DVD Review: X Japan – “We Are X”
Over the years there have been many documentaries about bands, some more notable than others. From Metallica’s Some Kind of Monster to Anvil! The Story of Anvil, metal and rock acts are very well represented in this genre. However, few have the emotional heart and the incredible rollercoaster ride that X Japan have as part of the back story of the band, something We Are X conveys brilliantly.
The documentary mostly focuses on Yoshiki, who basically is X Japan. He’s the drummer, the driving force creatively, and the glue for the band. From very early on it’s clear that he is a complicated and complex individual, still haunted by the suicide of his father when he was a child. He is the defacto viewpoint for the story, which details how X Japan came together, his struggles with mortality, the creative differences that forced their original bassist Taiji to leave the band (there is also some sort of incident which is never clarified that accompanies these issues), the death of guitarist Hide, and most stunningly the brainwashing of lead singer Toshi which led to him quitting the band and joining a cult, which physically and mentally abused him. He would eventually re-join the band, but it’s clear he is still deeply affected by the experience.
All of these stories from their past are juxtaposed with the preparations for their biggest gig ever outside Japan, as they prepare to play a sold out Madison Square Garden in New York. It’s a great framing device to go back through their history and the rather turbulent road X Japan have had to walk in order to get to that point, and all the sacrifices they have made along the way.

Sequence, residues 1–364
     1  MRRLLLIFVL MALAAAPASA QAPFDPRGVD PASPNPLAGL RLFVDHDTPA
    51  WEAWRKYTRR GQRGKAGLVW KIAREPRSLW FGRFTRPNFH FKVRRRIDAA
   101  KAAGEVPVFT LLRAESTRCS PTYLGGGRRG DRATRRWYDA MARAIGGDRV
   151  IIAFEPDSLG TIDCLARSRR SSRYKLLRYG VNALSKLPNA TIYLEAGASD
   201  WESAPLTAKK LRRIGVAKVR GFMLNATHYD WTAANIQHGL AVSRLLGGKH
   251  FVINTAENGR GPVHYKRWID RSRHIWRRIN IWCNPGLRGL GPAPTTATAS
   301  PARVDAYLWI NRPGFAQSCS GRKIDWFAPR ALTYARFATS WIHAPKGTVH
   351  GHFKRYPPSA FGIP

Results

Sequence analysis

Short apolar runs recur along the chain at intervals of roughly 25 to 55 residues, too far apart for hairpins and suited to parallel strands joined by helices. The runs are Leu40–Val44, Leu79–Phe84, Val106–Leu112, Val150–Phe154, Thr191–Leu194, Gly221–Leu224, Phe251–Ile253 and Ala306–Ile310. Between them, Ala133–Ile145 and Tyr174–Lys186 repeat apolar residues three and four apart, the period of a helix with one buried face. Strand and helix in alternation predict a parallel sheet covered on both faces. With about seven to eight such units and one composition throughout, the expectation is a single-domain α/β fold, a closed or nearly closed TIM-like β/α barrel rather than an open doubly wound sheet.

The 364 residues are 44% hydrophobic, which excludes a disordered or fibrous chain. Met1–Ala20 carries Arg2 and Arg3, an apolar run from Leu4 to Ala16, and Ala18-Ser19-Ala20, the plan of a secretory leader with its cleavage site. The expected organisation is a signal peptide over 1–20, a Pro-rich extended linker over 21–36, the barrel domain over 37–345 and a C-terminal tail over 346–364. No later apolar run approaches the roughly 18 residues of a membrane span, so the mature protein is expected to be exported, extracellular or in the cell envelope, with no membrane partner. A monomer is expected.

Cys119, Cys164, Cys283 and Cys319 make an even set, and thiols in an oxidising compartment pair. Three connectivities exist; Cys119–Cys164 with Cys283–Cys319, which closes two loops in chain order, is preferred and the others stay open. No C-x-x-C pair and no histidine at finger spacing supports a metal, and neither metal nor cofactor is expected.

One of the most striking things about this documentary is the level of archive footage available. There are numerous interviews with various band members from throughout the years, as well as tons of archive news footage showing the various dramas of the band being reported by major news outlets, as well as documenting the huge fervour of their fans. Honestly, it’s Beatles-esque in the madness of their followers, and really gives excellent context on what an enormously important, and successful, band X Japan are in their homeland.
They may not be household names in Europe or America, but X Japan are one of the most important musical acts to come out of Japan ever, and this documentary does a great job of illustrating that. Whether you are a fan of their work or not, it really doesn’t matter; this is a hugely engrossing story, with twists and turns aplenty, and it makes for compelling viewing form start to finish. One of the best music documentaries in years, and a real must-see for anyone who enjoys the rock genre.